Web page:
“The world needs dreamers and the world needs doers, but above all, the world needs dreamers who do.”
-Sarah Ban Breathnach
When I was growing up my family took one vacation every year in August for 2 weeks. It wasn’t exotic, the location never changed, and to some it may seem rather un-extrodinary, but to me it was paradise- and it came in the form of a small log cabin in the northern most woods of Minnesota. Nestled beside the boundary waters, it was where I had precious time to lose contact with the world, escape city fumes, and get as close as possible to nature and its gifts.
One of my fondest memories is of picking the wild blueberries that grew rampant up there, popping handfuls of the sweet little gems straight into my mouth even though I was supposed to be gathering them. These precious berries were very small, very dark, and bursting with flavor. None of them looked perfect, none impressively huge, they were all different sizes, some had a dent or a bruise-but they were all still delicious. Coming home, I found myself unable to eat the big, bland, blueberries sold at the grocery store. I do every now and then-but none compare to the wild blueberries that stole my heart when I was just a wee tot.
Over the years I’ve found myself wondering at our obsession with “perfect” fruit (veggies too.) The majority of us know that they aren’t grown naturally; we know they spray some nasty things on them, and we know they don’t taste nearly as good as their natural counterparts. We also have a twisted idea of what good produce should look like. No marks, no dents, no weird shapes-a bruised peach, a crooked carrot, an apple with a blemish or two, all will get passed over and wasted. Personally, I find the sight of an incredibly fat, perfectly round apple with glistening shiny red skin much less appealing than one grown in an orchard, with all of its little quirks.
Sadly, access to local or organic fruit is either hard to come by or marked with such a high price tag that people just shake their heads, though in the long run, the price we pay for “perfect” food will be much higher. We could all list about hundred things wrong with how people view and treat their food, we could talk about the detrimental health and environmental effects harvesting produce with chemicals until the cows come home, but that’s nothing new. What we need now is not more information, but more action, and those of us at Everyday Roots find the idea of taking action in the form of creating community gardens a delightful, healthful, thing to pursue in so many ways.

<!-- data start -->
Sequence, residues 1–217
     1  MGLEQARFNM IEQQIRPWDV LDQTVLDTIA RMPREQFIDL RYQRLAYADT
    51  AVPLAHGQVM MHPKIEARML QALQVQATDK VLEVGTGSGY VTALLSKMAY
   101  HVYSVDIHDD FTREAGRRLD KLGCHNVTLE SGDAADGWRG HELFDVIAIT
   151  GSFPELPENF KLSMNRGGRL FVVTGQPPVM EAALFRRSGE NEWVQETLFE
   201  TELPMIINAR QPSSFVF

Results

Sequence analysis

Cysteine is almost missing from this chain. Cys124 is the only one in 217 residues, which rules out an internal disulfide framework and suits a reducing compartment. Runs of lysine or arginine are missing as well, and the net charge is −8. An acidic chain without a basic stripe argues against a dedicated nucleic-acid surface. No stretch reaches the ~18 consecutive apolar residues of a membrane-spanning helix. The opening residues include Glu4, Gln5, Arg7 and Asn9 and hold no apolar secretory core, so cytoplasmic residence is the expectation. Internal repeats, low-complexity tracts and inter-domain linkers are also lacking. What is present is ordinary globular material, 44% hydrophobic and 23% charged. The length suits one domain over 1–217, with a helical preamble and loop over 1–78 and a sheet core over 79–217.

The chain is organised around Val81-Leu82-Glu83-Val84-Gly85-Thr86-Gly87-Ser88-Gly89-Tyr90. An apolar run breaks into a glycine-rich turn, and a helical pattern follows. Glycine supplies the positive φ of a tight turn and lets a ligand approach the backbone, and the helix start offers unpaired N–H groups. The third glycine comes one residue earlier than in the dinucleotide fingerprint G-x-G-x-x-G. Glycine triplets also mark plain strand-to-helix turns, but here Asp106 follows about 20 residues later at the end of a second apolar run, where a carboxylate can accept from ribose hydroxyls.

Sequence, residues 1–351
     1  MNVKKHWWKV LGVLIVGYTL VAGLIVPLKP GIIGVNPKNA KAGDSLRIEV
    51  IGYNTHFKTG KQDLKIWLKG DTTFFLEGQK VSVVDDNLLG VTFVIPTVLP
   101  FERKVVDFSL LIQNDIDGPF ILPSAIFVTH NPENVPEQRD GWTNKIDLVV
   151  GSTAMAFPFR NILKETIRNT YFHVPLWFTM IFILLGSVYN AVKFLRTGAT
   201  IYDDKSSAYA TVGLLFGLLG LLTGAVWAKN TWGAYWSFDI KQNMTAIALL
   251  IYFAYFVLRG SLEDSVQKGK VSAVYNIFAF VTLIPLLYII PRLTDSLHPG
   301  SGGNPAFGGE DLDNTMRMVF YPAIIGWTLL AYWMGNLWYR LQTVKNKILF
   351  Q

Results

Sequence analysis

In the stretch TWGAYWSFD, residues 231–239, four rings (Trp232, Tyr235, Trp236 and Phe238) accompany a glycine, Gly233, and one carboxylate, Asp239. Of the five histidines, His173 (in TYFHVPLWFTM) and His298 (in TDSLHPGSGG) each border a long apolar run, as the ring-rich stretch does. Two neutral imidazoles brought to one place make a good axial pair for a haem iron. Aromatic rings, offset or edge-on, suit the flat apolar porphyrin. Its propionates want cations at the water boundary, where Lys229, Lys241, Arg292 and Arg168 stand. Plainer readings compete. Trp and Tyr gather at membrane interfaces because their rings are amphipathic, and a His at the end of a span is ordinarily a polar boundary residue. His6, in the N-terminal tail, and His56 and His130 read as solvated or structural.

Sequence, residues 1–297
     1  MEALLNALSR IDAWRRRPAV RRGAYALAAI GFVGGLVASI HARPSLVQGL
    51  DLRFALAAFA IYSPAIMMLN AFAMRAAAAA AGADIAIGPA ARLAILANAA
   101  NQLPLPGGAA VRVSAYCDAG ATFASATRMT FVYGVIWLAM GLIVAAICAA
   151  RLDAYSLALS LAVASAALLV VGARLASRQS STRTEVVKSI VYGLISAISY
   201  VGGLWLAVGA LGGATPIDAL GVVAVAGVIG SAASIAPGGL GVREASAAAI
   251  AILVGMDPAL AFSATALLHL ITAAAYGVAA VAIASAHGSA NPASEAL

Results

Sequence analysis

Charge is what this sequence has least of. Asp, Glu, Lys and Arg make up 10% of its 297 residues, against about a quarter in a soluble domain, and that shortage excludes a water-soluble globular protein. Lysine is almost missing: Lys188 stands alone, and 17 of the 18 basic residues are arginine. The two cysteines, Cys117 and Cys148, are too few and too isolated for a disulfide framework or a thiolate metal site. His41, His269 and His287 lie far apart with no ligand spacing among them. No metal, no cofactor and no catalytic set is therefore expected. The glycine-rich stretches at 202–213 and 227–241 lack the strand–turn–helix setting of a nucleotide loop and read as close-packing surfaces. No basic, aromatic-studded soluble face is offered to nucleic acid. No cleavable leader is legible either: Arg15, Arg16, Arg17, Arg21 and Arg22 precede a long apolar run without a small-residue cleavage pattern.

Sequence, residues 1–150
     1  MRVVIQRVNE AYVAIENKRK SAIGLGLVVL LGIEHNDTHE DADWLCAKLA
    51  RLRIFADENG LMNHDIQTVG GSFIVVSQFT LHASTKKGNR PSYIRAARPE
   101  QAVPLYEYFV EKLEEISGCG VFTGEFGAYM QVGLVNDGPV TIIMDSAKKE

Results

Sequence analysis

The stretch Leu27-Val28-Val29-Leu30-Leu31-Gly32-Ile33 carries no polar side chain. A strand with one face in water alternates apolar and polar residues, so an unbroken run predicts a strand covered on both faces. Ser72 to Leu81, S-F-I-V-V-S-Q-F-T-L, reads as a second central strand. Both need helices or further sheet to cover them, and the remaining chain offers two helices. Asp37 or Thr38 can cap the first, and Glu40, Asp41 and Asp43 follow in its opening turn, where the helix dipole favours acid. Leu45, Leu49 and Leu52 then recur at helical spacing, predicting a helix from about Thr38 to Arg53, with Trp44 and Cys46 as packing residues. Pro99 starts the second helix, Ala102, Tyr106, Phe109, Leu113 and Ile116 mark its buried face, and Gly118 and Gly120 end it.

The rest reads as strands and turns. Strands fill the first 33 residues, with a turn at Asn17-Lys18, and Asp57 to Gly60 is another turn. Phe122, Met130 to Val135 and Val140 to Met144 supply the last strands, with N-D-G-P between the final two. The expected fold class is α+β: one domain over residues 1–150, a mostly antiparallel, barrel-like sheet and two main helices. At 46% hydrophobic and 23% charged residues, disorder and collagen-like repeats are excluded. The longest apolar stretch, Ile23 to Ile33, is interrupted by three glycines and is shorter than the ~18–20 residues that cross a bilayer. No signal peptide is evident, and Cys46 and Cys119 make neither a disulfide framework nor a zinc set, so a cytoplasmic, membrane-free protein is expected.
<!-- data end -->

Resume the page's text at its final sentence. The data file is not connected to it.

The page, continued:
What is a community garden?
A community garden can come in a variety of forms but, for an example, in Britain the standard set up is an allotment garden, where tracts of land owned by the local government are divided up into smaller plots. Those smaller plots are leased to families and individuals for a modest rental fee to grow their own fruits and veggies, and the local government keeps a close eye on how well they’re maintained. That’s just one way to go about community gardens though-one could even be as informal as a neighborhood getting together and dedicating part of a public park to a community garden. Some of the few in the US are created in vacant downtown areas and create a strong sense of community spirit.
The allotment gardens in Britain go back more than 150 years, created to empower people with low incomes to improve the quality of their lives, their health, and their diet by growing their own food. During the 2nd world war allotments proved their extraordinary worth, with their popularity gaining as people responded to Britain’s “Dig for Victory” demand for self-sufficiency. During “Dig for Victory” all town gardens, even those at Buckingham Palace, were turned into mini-farms. During that time, one and a half million allotments were cultivated, and 1.3 million tons of food was grown on 1.4 million plots every year. Today, the British still cherish their community gardens, and reap their many benefits. The U.S. also had its own “Dig for Victory” campaign, although the effects did not last like they did in Britain. This is because when the war ended people expected produce to be more readily available, however, the U.K still experienced a food shortage.
Making the move
Imagine if every neighborhood had a community garden-even if it was just a single piece of land gardened collectively by a group of people. Even if it’s as simple as a small herb garden it would bring people together and, of course, provide us with wholesome foods. It would add green space and it would, perhaps more importantly than anything else, spread inspiration, knowledge, and awareness to others. Plenty of people enjoy gardens in their own yards, but community gardens would foster a healthy community spirit, provide social benefits, health benefits from growing one’s own food free from chemicals, and ecological benefits by cutting down on reducing food transportation. In the US we’re starting to warm up to the idea-with some schools have even started planting their own gardens to provide their own produce.
What would you do?
Everyday Roots has an awesome community, and we want to know-what do you think? Is a community garden something that you would stand behind where you live? Do you think it would impact what people view as “good” produce? Do you think it would make a difference one way or another? We think a modern day “Dig for Victory” would be awesome. There might be a day when, even if people continue to accept chemical laden food, we no longer have access to it. Share your thoughts!
By Claire GoodallClaire is a lover of life, the natural world, and wild blueberries. On the weekend you can find her fiddling in the garden, playing with her dogs, and enjoying the great outdoors with her horse. Claire is very open-minded, ask her anything :) Meet Claire
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